As the Bahrain This Week team entered the white doors of AlDana Centre for Special Education, a little girl runs out to welcome us, her face beaming with an angelic smile. “This is Dana. We decided to start this place all because of her,” says Fay Hasan, Managing Director of the centre and aunt to little Dana, as she introduces us to the lesser-known world of kids with autism.
“It is sad that our society is still prejudiced against the autistic. We have seen several parents who went into denial when their kids were diagnosed positive for Autism,” she tells us.
For those who confuse autism with genetic disorders like Down syndrome, she explains, “Autism is a complex biological disorder characterized by difficulties with speech, abnormalities of posture or gesture, problems with understanding the feelings expressed by others, sensory and visual misperceptions, fears and anxieties and behavioral abnormalities like compulsive/obsessive behaviors and ritualistic movements.” Fay also adds “There is extensive research going on to find the reason for the occurrence of such a disorder. Unfortunately there is still no single cause established. And it is difficult to recognize by the physical appearance of a person, which is very much unlike other disorders.”
Dana for Special Education is one of the few institutions in Bahrain that is entirely dedicated to accommodate full service behavior and development therapy for children. As an organisation for special education, the team at this place is extremely committed at providing the highest quality therapeutic interventions for children with behavioral and development difficulties.
“We started off more than a year ago with preparations that include getting the right place and setting everything at the highest quality available in today’s scenario,” Fay talks about the beginning of the center. “Our operations began in the beginning of 2015 and our team is designed to meet the individual needs of children who are diagnosed with behavioral, social and communication difficulties between the age of 2 and 12 years. Our classrooms provide 2 teachers to 5 students; that would enable us to give our best to kids who are here at Dana, believing that we will be able to make a difference in their lives.”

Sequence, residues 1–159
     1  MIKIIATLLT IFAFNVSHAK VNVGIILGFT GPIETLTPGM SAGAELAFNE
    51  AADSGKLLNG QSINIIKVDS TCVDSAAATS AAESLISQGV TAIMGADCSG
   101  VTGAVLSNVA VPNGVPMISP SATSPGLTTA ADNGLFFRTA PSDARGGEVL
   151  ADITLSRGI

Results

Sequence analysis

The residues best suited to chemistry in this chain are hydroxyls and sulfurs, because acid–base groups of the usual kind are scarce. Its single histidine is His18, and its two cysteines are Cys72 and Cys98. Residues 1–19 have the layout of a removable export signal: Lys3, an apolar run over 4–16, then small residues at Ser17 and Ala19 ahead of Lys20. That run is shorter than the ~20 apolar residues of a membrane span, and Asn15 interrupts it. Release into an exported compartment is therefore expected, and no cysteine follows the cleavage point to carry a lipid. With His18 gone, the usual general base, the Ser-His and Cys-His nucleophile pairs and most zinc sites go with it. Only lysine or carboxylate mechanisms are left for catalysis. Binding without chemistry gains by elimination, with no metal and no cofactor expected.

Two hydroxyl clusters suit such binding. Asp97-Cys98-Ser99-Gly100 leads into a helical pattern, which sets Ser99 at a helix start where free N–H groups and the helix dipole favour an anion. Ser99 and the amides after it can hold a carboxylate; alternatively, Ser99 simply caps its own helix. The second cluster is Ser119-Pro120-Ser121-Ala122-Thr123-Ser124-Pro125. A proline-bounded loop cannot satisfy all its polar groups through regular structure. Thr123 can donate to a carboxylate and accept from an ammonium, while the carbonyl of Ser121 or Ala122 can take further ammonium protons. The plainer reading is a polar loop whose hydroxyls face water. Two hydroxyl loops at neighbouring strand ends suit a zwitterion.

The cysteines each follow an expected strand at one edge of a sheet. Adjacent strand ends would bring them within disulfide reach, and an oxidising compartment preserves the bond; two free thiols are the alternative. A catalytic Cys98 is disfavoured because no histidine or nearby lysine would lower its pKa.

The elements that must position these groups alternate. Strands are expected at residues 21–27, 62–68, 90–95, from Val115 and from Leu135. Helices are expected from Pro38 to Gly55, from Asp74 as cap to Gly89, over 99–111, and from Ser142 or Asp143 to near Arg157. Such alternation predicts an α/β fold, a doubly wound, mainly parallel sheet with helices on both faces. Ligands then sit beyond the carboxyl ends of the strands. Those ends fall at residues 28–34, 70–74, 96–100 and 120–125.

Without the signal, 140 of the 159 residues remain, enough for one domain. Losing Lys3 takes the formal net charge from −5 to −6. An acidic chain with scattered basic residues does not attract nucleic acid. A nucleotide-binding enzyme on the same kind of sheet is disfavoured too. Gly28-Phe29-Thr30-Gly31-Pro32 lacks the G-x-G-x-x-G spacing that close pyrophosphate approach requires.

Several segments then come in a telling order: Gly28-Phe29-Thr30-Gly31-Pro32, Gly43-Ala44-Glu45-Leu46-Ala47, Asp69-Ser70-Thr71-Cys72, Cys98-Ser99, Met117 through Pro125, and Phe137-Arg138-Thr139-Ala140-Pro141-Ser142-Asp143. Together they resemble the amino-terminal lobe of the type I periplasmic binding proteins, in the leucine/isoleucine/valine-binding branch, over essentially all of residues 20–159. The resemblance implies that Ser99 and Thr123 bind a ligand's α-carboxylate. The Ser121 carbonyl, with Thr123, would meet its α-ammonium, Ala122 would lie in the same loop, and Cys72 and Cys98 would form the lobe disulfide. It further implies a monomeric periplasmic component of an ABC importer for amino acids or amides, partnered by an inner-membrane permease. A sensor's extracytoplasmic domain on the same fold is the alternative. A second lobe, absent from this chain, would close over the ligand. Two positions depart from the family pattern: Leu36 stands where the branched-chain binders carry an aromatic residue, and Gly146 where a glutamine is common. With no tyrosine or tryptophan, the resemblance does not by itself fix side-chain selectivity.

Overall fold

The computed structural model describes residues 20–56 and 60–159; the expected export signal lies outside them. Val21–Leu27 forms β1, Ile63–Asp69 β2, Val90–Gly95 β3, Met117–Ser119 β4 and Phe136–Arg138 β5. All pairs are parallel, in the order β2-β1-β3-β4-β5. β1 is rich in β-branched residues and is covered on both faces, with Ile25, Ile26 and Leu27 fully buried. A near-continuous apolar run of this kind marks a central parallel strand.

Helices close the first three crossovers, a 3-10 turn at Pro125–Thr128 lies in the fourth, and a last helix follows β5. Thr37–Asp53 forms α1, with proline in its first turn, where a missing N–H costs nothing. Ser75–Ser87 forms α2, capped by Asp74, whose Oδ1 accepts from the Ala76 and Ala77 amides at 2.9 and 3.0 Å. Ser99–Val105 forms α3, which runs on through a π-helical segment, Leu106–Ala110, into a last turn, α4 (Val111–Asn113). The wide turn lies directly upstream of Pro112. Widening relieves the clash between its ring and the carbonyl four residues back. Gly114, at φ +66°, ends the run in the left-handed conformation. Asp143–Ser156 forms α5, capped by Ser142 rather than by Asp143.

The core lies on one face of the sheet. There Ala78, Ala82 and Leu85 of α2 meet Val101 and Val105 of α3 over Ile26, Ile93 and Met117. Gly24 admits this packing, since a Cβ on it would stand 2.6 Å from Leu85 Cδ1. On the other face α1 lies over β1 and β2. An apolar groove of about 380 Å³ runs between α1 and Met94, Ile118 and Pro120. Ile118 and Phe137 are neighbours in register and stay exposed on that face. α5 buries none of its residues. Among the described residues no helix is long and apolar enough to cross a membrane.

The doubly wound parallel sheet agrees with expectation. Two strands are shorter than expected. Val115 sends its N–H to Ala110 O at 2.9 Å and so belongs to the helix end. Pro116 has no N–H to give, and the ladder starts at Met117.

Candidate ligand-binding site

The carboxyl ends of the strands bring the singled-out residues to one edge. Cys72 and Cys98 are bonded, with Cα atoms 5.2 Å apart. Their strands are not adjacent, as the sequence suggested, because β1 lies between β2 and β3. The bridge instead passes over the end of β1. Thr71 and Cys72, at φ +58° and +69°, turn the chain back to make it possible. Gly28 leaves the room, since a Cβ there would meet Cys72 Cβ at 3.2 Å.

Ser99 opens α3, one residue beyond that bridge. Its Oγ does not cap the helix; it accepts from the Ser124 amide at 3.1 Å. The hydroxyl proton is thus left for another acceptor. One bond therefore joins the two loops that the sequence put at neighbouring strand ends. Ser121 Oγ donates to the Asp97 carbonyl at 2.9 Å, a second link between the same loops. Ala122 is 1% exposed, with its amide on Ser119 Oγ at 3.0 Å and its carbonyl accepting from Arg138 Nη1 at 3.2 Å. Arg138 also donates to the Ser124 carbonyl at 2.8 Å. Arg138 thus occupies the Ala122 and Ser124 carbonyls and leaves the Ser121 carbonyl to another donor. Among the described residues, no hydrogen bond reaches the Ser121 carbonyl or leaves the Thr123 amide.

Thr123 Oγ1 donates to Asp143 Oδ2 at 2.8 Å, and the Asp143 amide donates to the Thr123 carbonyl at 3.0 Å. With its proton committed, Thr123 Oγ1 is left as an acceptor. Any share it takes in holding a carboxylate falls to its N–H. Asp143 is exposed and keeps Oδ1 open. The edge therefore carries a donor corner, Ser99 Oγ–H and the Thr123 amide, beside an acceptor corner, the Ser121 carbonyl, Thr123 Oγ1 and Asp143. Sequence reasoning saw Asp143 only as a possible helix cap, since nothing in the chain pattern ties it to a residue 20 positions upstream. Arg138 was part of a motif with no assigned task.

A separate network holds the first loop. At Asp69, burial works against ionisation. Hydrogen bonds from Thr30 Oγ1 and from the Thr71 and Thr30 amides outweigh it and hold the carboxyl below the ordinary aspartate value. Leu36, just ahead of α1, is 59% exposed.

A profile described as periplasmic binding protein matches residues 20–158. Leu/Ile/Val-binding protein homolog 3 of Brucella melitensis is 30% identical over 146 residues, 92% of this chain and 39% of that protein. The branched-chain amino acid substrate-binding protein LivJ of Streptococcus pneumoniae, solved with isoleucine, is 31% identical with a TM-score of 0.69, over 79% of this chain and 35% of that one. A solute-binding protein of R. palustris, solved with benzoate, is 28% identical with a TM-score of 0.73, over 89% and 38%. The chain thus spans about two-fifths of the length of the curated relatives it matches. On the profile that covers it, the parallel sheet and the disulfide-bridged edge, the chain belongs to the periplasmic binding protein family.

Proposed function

Each classroom at the center is specially equipped to handle different therapeutic sessions for the children. The sessions also assure that they develop skills which help them stand independent in this society to which we all belong. “Once the kids are prepared to lead normal lives, they can be enrolled into other schools like other kids their age. At such times, many schools have shadow teachers, who are there with them, making sure of their well being as well as those who they mingle with,” says Fay.
She goes on to explain how they choose the kind of therapy classes each kid should undergo. “We do a comprehensive assessment of the child across all skill areas including behavior, visual perception and barriers. After the assessment, we provide the parents with a detailed report on the child’s current levels and recommend therapy packages would benefit them the best.”
Dana is home to few of the best highly qualified and experienced professional professionals giving special training to kids. Each of them is a specialist in their own field, implementing several beneficial programmess including speech and language therapy, occupational therapy, sensory integration, physical therapy, auditory integration training and hyperbaric oxygen therapy. “There are very few special education centers that offer hyperbaric oxygen therapy,” Fay says. “It can be considered as a treatment course that improves symptoms of autism by increasing oxygen intake and thus reducing inflammation and hypo-perfusion in the brain.”
“Along with all these therapies, we also provide biomedical, dietary and alternative treatments which involve regular consultations by professional physicians who have dedicated their research for autistic children.” Fay points out, highlighting the key services that help Dana stand out in the crowd.
As we continued to the first floor, the classes on the ground floor had come to an end and we could hear the pitter-patter of tiny feet, restless to run into the open arms of their parents. That is when we were introduced to Mrs. Soumya Saleh, little Dana’s mother and the PR Manager of the special education center. Soumya recalls her experience with Dana, “My angel was born normal. But it was after she turned 2 that we found she had suddenly turned autistic. We don’t have any history of autism in our family. And to date we are not sure what the reason might be.” She continues, “We so badly wanted to see her play, talk and smile like other kids her age. And with the special education we have been providing her, she is picking up extremely fast and has started with her first words.
“We are really proud of Dana! She sure is a special god-sent gift for all of us in the family.” Soumya finishes with a smile.
When we mentioned to Fay about movies that portray such kids as extremely brilliant, she said with a nod. “Our movies show a lot. Don’t they? Autism can show a spectrum of symptoms. And they can sometimes make the child’s IQ go beyond expectations.”
With further plans of expansion on the charts, Fay finally gets back to her office. For this lady who has personally oversees the training that the children receive, it’s now time to answer phone calls and see to all the paper work that needs completion. She says, “A day’s work here doesn’t get over when our kids leave for home. It is just the beginning for us to teach ourselves to give them a better tomorrow.”